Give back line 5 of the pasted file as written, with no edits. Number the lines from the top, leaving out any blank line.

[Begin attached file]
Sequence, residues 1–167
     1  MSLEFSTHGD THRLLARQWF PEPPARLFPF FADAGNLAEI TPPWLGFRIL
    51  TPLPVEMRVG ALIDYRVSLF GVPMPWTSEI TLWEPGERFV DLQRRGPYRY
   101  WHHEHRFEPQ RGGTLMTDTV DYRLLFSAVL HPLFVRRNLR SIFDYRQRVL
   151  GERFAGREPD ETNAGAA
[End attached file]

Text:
   151  GERFAGREPD ETNAGAA